***Warning: some of this may be TMI for some***
I really don't like to dwell on the past, especially my miscarriage, but it's something that I can't help but find myself thinking about every once in awhile. It still amazes me how my prior conceptions of what I thought a miscarriage is like were so different than what I actually experienced. So, in this post I'm writing about those personal misconceptions and I'm busting my own myths.
*Note: none of these statements are necessarily based on scientific facts, but from my own, personal experience.
1. There is a very slim chance of miscarriage after a heartbeat is detected.
I was 7w2d at my first prenatal appointment. Dr. C. did an ultrasound and everything looked perfect. I knew what day I O'd, and the baby was measuring correctly right to the day. There was an obvious heartbeat. Basically, everything looked perfect and I thought I was in the clear for the next 33 weeks or so. Yes, the rate of miscarriage decreases a little once a heartbeat is seen (around 6-7 weeks), however it doesn't drop significantly until a heartbeat is heard (around 10-12 weeks). And even then, bad things can still happen at any moment during a pregnancy.
2. A miscarriage begins with cramping and heavy bleeding.
My miscarriage started with very light bleeding on a Friday night. So light that I really thought it was "normal" (despite what some might say, I now do not believe any bleeding is normal in pregnancy) spotting or bleeding. This continued through the weekend until I was able to get to a doctor to get checked on that Sunday night. It remained light into that Monday, and I had yet to have any cramping. Around noon on that Monday I started having horrible cramps that lasted for about 5 hours. They then, thankfully, subsided. I had my D&C the following morning. At the time I went in for the D&C I still had yet to experience any heavy bleeding.
3. The cramps associated with a miscarriage are simply like really bad menstrual cramps.
Uh, no. I felt like I was going to die that Monday afternoon. Seriously. I had never experienced so much pain before in my life (and I've been through appendicitis, which I thought was pretty painful). I remember telling Jeff (as I lay writhing in pain) that if this is anything close to what labor feels like, women are idiots for wanting to do it naturally (I don't mean to offend anyone out there choosing natural birth, but it's certainly not for me, especially after I've had a small taste of what it would be like).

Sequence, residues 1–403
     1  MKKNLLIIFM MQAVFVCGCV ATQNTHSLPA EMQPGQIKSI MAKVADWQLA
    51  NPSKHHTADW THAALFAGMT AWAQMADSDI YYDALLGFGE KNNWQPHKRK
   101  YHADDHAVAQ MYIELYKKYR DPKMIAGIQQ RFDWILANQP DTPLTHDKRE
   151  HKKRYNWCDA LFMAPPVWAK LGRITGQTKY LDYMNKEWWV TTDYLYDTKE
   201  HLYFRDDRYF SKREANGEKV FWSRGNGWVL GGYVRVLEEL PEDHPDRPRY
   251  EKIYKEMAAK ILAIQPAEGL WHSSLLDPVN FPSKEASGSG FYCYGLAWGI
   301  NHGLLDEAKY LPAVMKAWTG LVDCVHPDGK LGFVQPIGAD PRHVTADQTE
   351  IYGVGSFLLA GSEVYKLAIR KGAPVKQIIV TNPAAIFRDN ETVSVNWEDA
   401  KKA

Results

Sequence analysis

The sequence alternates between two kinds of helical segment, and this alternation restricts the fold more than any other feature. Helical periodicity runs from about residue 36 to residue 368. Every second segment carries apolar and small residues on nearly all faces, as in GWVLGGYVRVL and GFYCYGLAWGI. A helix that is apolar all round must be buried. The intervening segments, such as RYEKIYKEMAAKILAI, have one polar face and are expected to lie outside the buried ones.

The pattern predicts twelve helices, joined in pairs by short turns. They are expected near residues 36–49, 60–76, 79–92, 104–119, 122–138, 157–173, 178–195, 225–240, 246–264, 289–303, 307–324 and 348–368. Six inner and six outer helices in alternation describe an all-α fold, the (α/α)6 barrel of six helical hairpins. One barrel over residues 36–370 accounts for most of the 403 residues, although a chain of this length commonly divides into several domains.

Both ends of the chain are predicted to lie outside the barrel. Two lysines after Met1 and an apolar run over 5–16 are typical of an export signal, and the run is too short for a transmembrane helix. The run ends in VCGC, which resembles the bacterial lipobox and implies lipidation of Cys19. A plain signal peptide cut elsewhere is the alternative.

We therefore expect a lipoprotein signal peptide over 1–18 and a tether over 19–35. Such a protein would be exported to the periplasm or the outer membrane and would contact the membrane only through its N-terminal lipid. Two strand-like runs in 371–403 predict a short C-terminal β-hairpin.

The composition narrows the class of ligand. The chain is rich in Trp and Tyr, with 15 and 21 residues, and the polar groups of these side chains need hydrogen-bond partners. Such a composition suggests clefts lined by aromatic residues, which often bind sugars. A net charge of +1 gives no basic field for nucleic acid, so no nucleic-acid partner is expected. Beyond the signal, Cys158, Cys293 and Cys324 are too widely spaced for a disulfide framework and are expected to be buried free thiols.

4. As soon as development stops, a miscarriage will immediately start.
This is the one that bothers me the most. Our baby had stopped developing two weeks before we knew it. Two weeks before I started to have any signs whatsoever that something was wrong. I stupidly walked around for two weeks thinking everything was just fine when it wasn't. This is mostly why we (Jeff and I made the decision together) decided to opt for having the D&C versus letting things happen naturally. If two weeks had already gone by with nothing happening, how much longer was it going to take? I didn't want to sit around and wait to find out.
5. Doing all the "right" things will prevent a miscarriage.
With the last pregnancy I completely cut out caffeine. I stopped eating tuna altogether (even though they say it's okay to eat occassionally). I completely stayed away from artificial sweeteners. I didn't eat lunch meat, even if it was warmed up. I tried to do all the right things they say you are suppose to do in pregnancy, and I still miscarried. That's why this time around I'm continuing to live my life like I always have because I know it doesn't make a difference. Whatever is going to happen will happen. I'm staying away from the obvious things (alcohol, ibuprofren, still limiting my tuna intake). But I am still enjoying my morning cup of coffee (or skinny caramal macchiato from Starbucks for my weekly splurge).